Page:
Personal photos and ringtones can be assigned to each contact; there’s no restriction on the size of the pictures but they are visualized in very small size even on an incoming call – we think they are useless. You can also add a note to each contact.
The problem of WM5 because of which you couldn’t add an unknown number from the call history to an existing contact, is eliminated here.
You can dial a number not included in your contacts by inputting its numbers. If you don’t open the slider, the phone doesn’t have numeric keyboard and a virtual one is visualized when the Answer button is pressed. Here you can input the desired number. Information on the last dialed number will be displayed and you can call it by pressing the green receiver again.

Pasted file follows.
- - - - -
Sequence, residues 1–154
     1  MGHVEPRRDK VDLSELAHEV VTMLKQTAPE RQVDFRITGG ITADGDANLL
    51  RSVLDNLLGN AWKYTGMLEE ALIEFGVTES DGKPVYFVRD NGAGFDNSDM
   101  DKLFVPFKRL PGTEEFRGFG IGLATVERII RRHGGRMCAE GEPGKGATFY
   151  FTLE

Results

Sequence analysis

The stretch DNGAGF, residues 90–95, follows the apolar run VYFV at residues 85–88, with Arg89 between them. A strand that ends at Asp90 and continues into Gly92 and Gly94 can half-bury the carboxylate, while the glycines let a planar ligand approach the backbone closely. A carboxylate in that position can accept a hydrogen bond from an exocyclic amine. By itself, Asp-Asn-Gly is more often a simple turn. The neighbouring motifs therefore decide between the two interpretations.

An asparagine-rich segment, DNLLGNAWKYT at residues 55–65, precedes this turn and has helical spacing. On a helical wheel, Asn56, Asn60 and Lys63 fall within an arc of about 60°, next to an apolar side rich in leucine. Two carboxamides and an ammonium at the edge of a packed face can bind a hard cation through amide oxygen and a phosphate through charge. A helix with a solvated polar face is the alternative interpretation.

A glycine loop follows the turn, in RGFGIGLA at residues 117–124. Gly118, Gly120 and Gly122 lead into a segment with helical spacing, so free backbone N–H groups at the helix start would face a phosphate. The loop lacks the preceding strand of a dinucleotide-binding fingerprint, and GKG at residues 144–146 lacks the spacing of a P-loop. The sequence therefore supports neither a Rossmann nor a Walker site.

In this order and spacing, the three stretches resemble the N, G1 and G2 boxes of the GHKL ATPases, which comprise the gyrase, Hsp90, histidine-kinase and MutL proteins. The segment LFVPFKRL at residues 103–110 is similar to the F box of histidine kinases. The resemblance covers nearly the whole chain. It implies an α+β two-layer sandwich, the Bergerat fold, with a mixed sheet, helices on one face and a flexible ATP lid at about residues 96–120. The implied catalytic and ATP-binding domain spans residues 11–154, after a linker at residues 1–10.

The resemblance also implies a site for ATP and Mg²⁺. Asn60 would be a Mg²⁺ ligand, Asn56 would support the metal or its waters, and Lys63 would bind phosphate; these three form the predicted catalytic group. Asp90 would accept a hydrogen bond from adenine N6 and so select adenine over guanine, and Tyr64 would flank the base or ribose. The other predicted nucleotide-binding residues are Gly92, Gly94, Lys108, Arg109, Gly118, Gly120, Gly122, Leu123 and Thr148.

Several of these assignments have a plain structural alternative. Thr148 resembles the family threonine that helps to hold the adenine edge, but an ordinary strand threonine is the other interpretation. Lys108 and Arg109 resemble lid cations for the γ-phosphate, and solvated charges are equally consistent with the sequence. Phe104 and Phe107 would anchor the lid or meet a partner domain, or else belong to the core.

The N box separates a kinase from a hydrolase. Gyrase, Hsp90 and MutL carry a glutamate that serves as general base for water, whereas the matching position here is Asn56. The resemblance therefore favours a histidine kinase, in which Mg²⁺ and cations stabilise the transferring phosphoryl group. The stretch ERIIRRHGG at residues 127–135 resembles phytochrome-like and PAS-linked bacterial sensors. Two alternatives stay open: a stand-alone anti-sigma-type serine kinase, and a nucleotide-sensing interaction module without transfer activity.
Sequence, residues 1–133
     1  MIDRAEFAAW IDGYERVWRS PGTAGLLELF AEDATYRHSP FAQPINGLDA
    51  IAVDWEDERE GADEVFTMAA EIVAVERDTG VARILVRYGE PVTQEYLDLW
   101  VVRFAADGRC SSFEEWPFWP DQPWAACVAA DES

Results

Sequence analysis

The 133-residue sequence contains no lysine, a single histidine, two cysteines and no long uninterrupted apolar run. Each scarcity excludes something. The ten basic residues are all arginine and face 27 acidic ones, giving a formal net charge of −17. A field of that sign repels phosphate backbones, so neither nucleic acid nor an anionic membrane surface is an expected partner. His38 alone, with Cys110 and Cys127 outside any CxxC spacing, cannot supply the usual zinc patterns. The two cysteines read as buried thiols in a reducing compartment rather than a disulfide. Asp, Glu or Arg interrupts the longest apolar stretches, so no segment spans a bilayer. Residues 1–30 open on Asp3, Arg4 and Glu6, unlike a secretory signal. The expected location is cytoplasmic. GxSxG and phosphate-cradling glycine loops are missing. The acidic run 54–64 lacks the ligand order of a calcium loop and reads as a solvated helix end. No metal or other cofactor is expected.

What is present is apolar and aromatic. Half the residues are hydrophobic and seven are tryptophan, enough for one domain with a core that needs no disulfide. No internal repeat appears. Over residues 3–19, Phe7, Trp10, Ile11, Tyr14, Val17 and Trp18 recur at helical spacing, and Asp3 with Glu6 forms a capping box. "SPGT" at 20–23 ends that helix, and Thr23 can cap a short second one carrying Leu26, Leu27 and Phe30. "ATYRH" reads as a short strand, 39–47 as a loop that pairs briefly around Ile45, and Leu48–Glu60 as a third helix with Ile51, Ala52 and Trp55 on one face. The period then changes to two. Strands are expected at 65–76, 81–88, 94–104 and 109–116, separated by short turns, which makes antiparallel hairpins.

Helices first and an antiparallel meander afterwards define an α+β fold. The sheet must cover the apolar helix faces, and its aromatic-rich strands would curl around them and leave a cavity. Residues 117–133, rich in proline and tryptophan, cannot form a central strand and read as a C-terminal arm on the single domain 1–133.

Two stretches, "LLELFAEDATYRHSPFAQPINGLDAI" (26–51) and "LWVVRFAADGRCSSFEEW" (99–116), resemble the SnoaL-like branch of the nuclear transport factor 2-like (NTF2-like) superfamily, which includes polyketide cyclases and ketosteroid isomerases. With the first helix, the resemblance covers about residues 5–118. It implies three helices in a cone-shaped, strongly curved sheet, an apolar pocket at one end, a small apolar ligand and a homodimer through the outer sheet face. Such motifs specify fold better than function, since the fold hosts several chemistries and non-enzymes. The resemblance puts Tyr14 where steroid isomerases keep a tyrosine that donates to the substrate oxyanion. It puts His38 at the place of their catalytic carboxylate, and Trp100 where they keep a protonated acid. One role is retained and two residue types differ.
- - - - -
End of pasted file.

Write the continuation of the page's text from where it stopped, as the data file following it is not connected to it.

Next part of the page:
Pressing the buttons you will start imputing the digits of a possible number, but at the same time you will search the phone book as if imputing a text by a predictive text input system. So, to call John you can press 5-6-4-6 and the matching contacts will be visualized in the list.
Alarms can be directly accessed through the home screen, by tapping on the clock. They are three, and they all can be configured to be active for certain days of the week, and you can also assign names and different sounds to each of them. All alarms can be active simultaneously, and overall they are easy to use and do what they are supposed to. We are rather disappointed that their number is limited to three, as it was in the previous version of the OS.